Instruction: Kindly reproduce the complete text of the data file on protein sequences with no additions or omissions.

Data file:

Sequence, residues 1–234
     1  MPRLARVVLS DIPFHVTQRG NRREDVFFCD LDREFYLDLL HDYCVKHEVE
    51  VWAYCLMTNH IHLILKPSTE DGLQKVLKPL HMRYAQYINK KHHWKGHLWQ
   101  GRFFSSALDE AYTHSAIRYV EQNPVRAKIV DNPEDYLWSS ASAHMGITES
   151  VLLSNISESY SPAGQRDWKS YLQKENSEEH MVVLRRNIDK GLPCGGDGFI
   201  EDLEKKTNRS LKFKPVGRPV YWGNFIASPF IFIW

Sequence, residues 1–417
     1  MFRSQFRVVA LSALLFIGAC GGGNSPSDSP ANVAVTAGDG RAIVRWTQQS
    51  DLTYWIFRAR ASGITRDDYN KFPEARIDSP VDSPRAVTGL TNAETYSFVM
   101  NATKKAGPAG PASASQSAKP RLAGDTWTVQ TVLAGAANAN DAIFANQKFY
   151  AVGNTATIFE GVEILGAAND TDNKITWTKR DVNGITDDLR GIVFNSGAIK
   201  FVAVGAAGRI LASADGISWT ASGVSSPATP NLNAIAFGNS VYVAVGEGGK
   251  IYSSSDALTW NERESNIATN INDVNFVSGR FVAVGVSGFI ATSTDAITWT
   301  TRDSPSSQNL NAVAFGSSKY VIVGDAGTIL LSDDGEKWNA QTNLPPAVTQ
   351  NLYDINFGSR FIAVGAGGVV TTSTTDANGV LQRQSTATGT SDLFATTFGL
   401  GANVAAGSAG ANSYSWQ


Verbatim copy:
Sequence, residues 1–234
     1  MPRLARVVLS DIPFHVTQRG NRREDVFFCD LDREFYLDLL HDYCVKHEVE
    51  VWAYCLMTNH IHLILKPSTE DGLQKVLKPL HMRYAQYINK KHHWKGHLWQ
   101  GRFFSSALDE AYTHSAIRYV EQNPVRAKIV DNPEDYLWSS ASAHMGITES
   151  VLLSNISESY SPAGQRDWKS YLQKENSEEH MVVLRRNIDK GLPCGGDGFI
   201  EDLEKKTNRS LKFKPVGRPV YWGNFIASPF IFIW

Sequence, residues 1–417
     1  MFRSQFRVVA LSALLFIGAC GGGNSPSDSP ANVAVTAGDG RAIVRWTQQS
    51  DLTYWIFRAR ASGITRDDYN KFPEARIDSP VDSPRAVTGL TNAETYSFVM
   101  NATKKAGPAG PASASQSAKP RLAGDTWTVQ TVLAGAANAN DAIFANQKFY
   151  AVGNTATIFE GVEILGAAND TDNKITWTKR DVNGITDDLR GIVFNSGAIK
   201  FVAVGAAGRI LASADGISWT ASGVSSPATP NLNAIAFGNS VYVAVGEGGK
   251  IYSSSDALTW NERESNIATN INDVNFVSGR FVAVGVSGFI ATSTDAITWT
   301  TRDSPSSQNL NAVAFGSSKY VIVGDAGTIL LSDDGEKWNA QTNLPPAVTQ
   351  NLYDINFGSR FIAVGAGGVV TTSTTDANGV LQRQSTATGT SDLFATTFGL
   401  GANVAAGSAG ANSYSWQ